How to Eat Organic in College

College is an exciting, but often unhealthy time for ambitious young upstarts. You’re leaving home and going out into the world for the first towards independence, abandoning the world of home cooked meals and nutritional guidance. Many young students, short on money and time, fall into the trap of poor eating habits. It’s easy to feel like a kid in a candy store now that you can eat whatever you want every day, but this can be detrimental to both your health and your studies.

A good diet is the foundation of all aspects of good life. Poor eating habits lead to unsightly weight gains, sluggishness, and negative feelings–to succeed in the world of academia you must nourish both the body and the mind. Skip the pizza and ramen diet, stay away from the convenience stores, and consider stepping away from the school’s meal plan. The best way to go is a wholesome diet of simple, easy to prepare organic meals that will keep your body and mind intact while simultaneously taking the strain off your bank account.

First, seek out your local grocery store; most college campuses in urban areas have at least one within walking distance. For those in the more isolated suburban or rural districts, farmer’s markets may be a more convenient way to go. Many college dorms are outfitted with kitchens, and it’s time to start making use of them. Stock up on raw staples like brown rice, oats, pastas, and beans. These unprepared dietary essentials have a very long shelf life, so don’t be afraid to buy in bulk for added savings. You’ll also want to keep a steady supply of fruits and vegetables going through your kitchen; leafy greens, root vegetables, and local produce will be healthy and hearty additions to your diet. Buy meat products sparingly. Proteins are best consumed fresh, so only buy what you can use in the next few days. Look for labels denoting organic growing; organic foods are naturally cultivated without pesticides and genetic modification, giving you delicious nutrient-rich foods with no toxic chemicals seeping through.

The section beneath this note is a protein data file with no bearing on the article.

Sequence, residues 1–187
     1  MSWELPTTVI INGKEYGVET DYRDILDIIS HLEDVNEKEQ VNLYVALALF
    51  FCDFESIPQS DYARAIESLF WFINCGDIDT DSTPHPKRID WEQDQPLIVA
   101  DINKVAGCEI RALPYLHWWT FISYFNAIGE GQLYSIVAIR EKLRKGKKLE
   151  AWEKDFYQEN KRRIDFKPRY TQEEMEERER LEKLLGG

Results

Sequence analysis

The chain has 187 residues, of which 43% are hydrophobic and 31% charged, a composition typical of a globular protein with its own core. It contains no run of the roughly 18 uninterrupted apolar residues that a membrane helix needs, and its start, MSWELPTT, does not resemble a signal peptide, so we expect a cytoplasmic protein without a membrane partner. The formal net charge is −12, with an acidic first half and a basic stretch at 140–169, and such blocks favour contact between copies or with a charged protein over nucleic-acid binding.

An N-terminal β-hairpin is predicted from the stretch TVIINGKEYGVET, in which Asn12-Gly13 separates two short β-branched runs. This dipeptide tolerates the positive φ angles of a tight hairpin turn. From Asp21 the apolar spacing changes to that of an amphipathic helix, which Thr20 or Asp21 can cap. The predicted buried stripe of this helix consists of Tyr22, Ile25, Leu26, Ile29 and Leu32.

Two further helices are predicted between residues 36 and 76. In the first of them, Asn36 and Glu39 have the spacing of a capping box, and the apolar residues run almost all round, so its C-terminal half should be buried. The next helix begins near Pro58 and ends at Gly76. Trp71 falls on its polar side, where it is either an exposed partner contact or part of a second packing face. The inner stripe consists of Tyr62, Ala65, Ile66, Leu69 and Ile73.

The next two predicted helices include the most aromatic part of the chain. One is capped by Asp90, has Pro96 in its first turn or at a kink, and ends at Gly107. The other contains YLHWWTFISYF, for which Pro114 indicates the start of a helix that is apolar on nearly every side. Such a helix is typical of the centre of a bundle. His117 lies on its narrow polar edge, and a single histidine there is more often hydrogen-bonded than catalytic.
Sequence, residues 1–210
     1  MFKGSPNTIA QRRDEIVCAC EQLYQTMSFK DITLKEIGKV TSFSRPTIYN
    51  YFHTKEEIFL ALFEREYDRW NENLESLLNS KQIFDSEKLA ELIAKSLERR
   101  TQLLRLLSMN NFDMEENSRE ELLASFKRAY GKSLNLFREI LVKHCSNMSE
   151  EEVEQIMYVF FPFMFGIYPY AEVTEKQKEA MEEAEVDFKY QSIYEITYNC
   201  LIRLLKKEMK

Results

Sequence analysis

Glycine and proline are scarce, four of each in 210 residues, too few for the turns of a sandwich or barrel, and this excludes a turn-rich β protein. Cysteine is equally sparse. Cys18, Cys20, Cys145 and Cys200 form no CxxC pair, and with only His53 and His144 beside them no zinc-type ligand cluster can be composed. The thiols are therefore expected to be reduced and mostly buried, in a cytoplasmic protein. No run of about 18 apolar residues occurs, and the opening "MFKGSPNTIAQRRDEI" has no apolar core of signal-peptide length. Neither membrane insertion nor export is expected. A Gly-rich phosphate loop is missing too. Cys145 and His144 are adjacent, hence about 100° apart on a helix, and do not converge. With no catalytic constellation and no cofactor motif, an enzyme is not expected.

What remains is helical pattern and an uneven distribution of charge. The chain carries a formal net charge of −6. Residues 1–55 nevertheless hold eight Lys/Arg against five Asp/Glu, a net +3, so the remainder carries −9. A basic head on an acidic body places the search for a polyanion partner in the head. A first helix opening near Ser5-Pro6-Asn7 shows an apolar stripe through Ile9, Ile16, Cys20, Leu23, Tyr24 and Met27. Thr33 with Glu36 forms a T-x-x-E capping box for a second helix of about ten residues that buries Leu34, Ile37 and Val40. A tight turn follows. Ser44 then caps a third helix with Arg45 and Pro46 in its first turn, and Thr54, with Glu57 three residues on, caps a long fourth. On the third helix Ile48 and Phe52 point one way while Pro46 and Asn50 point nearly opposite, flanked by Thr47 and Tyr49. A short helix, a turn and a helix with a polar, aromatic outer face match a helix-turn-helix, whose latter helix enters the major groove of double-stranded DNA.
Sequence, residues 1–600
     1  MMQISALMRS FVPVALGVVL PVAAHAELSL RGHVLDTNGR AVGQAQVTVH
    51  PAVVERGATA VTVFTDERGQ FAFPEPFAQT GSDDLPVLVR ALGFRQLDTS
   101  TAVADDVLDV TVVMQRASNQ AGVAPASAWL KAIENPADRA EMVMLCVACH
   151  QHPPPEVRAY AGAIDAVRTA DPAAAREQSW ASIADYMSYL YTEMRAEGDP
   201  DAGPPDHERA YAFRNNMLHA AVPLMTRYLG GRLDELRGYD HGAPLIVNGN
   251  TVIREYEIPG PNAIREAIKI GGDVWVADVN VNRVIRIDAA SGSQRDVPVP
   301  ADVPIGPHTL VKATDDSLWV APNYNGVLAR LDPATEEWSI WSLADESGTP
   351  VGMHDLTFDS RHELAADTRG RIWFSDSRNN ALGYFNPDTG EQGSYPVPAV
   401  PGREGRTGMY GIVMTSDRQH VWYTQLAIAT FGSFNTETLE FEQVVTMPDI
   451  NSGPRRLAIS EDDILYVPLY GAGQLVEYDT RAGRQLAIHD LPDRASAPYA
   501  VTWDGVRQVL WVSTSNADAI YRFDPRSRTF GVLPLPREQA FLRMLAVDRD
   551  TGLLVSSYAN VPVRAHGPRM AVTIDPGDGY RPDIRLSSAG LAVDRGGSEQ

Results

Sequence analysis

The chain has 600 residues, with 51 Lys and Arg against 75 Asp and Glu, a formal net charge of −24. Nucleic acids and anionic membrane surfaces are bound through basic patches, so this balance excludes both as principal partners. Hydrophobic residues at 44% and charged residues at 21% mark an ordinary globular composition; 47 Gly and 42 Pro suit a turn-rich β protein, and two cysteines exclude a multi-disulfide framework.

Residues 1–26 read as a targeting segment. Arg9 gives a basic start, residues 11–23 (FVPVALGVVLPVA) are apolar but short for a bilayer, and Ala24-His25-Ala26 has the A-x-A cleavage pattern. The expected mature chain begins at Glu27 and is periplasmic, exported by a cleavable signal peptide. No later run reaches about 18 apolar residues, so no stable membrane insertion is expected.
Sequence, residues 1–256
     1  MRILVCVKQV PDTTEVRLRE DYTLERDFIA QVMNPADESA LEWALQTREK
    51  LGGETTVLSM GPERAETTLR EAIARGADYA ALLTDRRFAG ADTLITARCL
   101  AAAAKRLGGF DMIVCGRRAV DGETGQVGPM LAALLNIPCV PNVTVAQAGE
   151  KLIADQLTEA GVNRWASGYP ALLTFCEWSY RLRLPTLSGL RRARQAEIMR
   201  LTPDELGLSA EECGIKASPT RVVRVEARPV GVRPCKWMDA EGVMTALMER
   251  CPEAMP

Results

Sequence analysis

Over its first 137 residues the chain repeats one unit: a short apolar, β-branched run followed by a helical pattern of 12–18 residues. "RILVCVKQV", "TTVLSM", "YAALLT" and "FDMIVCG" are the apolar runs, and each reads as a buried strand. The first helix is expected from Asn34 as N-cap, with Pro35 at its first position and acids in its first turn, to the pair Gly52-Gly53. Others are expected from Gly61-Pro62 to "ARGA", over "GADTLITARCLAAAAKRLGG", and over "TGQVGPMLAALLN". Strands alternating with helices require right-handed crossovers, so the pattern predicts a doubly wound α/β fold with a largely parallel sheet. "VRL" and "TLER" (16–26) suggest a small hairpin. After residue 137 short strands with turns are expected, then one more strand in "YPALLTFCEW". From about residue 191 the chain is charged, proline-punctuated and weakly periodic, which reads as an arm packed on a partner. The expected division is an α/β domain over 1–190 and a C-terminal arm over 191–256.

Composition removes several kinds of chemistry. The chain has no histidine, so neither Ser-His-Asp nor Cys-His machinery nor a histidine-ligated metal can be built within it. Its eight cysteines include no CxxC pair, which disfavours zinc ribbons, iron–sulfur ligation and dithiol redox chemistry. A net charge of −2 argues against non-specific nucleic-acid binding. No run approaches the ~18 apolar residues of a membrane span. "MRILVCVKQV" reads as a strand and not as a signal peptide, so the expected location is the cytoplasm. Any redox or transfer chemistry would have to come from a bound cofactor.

A few other condiments and cooking necessities will provide you with everything you need to eat healthy every day. Salt, pepper, soy sauce, olive oil, anything else that suits your tastes. If you’ve come into school without any kitchen supplies, try browsing local thrift stores for good deals on pots, pans and utensils. You probably won’t even need as much as you think.

Before you know it, everything you need is at your finger-tips. Whether you’re a fresh high school graduate trying to avoid the freshman 15, or a more experienced apartment dweller working on an online EMBA, consider these guidelines to keep healthy fuel going through your body. Oats and fresh fruit make for a delicious breakfast, and later in the day rice with vegetables and beans makes for the perfect dinner. The positive effects on your outlook and thinking abilities are sure to surprise you as much as the savings. Eat cheap and healthy at the same time by going organic and cooking at home.

Clay Miller
the authorClay Miller
I am the creator/writer of and I'm an advocate for oceans, beaches, state parks. I enjoy all things outdoors (e.g. running, golf, gardening, hiking, etc.) I am a graduate of the University of Kentucky (Go Wildcats!!). I'm also a huge fan of the Pittsburgh Steelers. I was born and raised in the beautiful state of Kentucky.

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